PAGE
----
The recent news concerning Paul Flowers’ Chairmanship at Co op Bank has shone a bright light on the make-up of the Boards of Mutual organisations. Many commentators have expressed surprise that a major high street brand name should have “a plasterer, a nurse and a horticulturalist” as non-executive directors on their Board (see for example the FT article last month) and called for regulators to be firmer in setting tests for acceptability of Board members.

But the counter argument is twofold. For one, the banks that did have Boards with a 100% of their NEDs coming from the financial sector didn’t exactly cover themselves in glory in the last 5 years, and secondly many organisations with large budgets and responsibilities for managing significant parts of the fabric of our society have governing Boards with diverse representation and seem to value the contribution that different perspectives can bring. Housing Associations, Foundation Trust Hospitals as well as the remaining Mutual financial services organisations all have Boards that try to balance the perspectives of the different constituencies they serve – with the belief that in doing so they can be well informed about the world in which they operate and come to a common view on how best to manage the short and long term risks in their business.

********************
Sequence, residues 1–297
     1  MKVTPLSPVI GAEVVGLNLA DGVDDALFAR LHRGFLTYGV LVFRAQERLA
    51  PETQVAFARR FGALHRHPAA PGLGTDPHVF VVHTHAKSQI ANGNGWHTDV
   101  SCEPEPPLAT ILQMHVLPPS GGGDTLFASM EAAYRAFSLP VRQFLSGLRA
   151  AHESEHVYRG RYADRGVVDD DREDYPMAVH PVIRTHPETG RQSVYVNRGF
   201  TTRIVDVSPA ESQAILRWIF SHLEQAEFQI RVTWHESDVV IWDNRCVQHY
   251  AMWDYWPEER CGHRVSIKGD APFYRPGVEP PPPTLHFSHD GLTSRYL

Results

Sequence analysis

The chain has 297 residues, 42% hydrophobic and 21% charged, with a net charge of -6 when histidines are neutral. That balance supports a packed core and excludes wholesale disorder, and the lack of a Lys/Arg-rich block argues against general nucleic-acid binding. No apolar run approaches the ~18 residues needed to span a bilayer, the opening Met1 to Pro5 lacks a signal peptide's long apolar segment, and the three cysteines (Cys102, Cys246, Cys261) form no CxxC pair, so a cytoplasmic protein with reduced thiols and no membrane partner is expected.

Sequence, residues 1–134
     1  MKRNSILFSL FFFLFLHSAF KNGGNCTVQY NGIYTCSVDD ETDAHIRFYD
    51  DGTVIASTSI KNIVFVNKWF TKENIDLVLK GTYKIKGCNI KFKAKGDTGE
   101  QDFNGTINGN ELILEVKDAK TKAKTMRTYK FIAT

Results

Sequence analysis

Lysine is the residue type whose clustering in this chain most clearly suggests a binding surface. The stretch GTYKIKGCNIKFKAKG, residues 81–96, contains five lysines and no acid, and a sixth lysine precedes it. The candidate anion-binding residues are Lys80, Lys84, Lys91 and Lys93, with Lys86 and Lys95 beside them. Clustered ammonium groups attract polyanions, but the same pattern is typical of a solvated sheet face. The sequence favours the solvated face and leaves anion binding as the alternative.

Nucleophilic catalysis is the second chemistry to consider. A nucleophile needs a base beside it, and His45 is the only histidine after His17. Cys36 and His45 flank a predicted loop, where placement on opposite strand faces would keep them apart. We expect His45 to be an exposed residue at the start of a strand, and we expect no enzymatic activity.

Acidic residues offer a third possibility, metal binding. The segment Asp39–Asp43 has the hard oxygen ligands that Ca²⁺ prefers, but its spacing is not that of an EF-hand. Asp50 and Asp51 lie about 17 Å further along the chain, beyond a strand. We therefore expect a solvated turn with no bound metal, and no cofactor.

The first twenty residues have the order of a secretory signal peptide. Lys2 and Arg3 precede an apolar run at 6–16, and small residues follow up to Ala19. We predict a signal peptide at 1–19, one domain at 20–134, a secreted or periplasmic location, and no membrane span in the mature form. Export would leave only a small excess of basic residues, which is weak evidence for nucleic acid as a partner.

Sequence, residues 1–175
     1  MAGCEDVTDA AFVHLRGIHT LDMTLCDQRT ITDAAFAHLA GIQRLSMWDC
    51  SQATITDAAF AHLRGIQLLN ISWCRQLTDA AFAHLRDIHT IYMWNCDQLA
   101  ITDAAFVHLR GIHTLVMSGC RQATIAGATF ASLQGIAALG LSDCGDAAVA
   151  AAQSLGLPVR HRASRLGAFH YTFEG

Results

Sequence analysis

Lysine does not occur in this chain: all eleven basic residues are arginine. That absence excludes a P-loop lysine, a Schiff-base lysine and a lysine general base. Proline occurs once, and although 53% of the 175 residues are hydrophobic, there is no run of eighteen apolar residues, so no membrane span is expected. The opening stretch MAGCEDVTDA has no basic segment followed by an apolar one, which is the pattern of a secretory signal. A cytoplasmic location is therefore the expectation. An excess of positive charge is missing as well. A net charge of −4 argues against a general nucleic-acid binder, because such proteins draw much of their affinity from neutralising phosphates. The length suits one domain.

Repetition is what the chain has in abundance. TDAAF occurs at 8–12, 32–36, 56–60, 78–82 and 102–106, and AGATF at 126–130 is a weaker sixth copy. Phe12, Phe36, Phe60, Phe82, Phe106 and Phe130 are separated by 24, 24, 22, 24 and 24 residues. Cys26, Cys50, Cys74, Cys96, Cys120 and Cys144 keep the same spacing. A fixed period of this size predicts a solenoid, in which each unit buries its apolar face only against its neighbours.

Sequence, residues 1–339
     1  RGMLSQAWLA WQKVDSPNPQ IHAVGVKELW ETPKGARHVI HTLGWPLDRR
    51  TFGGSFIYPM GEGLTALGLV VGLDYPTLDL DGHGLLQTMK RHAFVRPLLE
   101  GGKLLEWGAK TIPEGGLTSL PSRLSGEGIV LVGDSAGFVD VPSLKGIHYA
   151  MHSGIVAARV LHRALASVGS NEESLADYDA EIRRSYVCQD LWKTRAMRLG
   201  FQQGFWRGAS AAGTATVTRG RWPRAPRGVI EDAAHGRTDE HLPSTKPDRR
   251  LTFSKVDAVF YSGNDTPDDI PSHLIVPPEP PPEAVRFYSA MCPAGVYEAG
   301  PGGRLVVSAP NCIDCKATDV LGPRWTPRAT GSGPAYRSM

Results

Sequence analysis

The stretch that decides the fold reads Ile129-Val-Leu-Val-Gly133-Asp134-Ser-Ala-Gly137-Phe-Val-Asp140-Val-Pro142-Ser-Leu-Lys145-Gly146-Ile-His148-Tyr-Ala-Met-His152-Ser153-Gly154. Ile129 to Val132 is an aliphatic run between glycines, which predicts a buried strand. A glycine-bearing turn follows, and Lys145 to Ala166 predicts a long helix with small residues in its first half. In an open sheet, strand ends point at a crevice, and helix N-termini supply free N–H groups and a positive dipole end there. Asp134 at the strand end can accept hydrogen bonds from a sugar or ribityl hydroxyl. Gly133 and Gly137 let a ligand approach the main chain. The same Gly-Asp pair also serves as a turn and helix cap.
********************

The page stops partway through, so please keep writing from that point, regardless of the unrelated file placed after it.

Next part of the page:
From a collaborative leadership perspective it is all about getting the right composition in a Board and then building the environment (in formal meetings and elsewhere) in which all Board members can make the contribution that is needed from them. Board development plays a part here too – and this is not just about the NEDs from different backgrounds acquiring the necessary technical knowledge and keeping up to date with regulatory changes, it also means building a Board that functions an effective collaboration and not a cosy club. Boards are not teams but some of the old lessons about strengths in teams coming from the diversity of their foundations apply in Boards too.

The mutual model has 150 years of history in this country and despite the recent difficulties at the Coop I think it has life in it yet.